With the Labour Party announcing at its conference that it would maintain the £20 Universal Credit uplift before replacing it entirely with a new benefits system, Starmer is now facing the inevitable task of explaining where he plans to find the £6 billion needed to fund it. Pushed this morning by BBC Breakfast’s Charlie Stayt to explain “who is it to pay for all this“, Starmer claimed:
“We’ve had billions of pounds wasted on crony contracts […] millions of billions of pounds wasted on contracts that have never ever delivered […] We’ve got stamp duty relief for second-home owners and the Prime Minister is going ahead with building a vanity yacht which nobody needs […] What I’m saying, and I’m surprised anybody quarrels with the idea, that we need to cut this waste of billions of pounds.”
Stayt finally teased out something of an answer towards the end of the interview, with Starmer conceding:
“When it comes to taxation, the big divide between us and the Government is the Government wants to tax working people through National Insurance, we say it should be those with broader shoulders.”
If Starmer wants Labour to be the party of lower taxes on workers, he’s going to have to learn to resist every spending demand to make that add up. Whilst Labour voted against an income tax threshold freeze earlier this year, which would stop taxes on working people rising, it would make funding the cost of that £6 billion uplift harder…
UPDATE: John Rentoul points out that Jonathan Reynolds, Shadow DWP Secretary, has already claimed Labour would not restore the cut to Universal Credit. Reynolds must’ve been surprised to hear his own party leader say “it would stay, we wouldn’t make the cut, we would then replace it with something better” on television this morning. Does the Labour front bench even know its own policies?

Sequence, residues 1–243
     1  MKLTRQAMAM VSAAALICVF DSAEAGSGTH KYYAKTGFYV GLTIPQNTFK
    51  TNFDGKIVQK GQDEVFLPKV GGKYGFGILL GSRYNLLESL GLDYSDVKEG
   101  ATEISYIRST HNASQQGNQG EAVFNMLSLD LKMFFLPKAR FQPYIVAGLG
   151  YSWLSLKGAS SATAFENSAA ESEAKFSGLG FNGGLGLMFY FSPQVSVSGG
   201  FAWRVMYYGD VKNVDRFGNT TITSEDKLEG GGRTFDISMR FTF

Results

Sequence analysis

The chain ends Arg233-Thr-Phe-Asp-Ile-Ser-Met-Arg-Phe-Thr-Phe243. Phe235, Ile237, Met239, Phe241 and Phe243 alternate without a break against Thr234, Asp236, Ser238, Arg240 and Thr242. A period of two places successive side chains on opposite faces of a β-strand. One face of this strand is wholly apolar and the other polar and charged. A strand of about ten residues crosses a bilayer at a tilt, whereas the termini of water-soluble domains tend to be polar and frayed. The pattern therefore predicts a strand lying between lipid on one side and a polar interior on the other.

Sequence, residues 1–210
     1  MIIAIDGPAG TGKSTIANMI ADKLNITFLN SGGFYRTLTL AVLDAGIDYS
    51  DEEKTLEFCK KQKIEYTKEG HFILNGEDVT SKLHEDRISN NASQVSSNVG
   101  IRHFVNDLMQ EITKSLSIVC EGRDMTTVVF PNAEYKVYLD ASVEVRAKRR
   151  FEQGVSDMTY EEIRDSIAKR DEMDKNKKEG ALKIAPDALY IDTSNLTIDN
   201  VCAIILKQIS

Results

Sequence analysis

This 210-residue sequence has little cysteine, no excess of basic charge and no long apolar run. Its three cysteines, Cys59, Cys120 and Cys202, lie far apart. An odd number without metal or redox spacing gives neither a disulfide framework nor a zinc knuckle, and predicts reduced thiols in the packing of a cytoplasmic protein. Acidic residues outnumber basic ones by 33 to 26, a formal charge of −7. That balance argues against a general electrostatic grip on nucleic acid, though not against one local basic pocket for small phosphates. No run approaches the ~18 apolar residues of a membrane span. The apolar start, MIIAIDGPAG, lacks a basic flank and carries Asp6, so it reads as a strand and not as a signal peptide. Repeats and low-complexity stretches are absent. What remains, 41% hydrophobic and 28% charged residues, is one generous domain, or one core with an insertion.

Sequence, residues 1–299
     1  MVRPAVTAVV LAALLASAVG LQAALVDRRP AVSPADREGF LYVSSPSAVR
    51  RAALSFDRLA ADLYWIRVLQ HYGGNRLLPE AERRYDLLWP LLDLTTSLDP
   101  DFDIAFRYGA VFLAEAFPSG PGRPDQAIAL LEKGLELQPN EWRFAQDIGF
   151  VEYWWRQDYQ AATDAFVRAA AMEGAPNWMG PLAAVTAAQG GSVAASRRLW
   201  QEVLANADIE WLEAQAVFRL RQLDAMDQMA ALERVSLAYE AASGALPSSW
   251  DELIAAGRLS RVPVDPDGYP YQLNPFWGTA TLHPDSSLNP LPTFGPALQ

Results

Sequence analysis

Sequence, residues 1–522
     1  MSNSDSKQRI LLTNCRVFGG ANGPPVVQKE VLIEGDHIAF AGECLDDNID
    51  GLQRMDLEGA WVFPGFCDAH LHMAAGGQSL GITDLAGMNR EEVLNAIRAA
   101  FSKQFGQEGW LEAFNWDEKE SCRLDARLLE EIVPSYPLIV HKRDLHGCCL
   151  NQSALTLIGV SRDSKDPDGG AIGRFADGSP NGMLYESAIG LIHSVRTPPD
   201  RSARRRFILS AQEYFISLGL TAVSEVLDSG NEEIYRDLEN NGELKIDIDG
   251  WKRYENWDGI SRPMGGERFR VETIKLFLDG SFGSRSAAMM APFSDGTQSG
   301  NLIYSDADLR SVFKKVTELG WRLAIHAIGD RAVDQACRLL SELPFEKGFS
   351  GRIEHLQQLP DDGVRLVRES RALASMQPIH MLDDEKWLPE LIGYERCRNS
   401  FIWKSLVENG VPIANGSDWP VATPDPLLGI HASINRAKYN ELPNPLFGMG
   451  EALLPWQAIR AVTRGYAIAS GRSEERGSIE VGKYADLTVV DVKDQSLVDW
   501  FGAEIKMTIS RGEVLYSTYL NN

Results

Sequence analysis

Ahead of this afternoon’s Commons showdown over Universal Credit, Guido’s been trying to pin down exactly what is Labour’s general welfare policy? Sir Keir is simultaneously calling for the system to be scrapped entirely, yet will be using today’s Opposition Day Debate to demand billions more be injected into a system he sees as not fit for purpose. Can the rest of the Shadow Cabinet clarify Labour’s policy platform?
Jonathan Reynolds, Shadow Work and Pensions: Suggests Labour won’t really abolish Universal Credit in full, it will be more a rebranding attempt of the current system:
“‘We use the language of full replacement, because we are clearly opposed to some of the features of it, like the two-child limit and the benefit cap, and we feel the brand is too tarnished”
He does support the principles behind the system though: “there are merits in combining particularly out-of-work support and in-work support and housing benefit at the same time”. Reynolds even heaped praise on the system last year, saying it was ready to support people at the beginning of the crisis…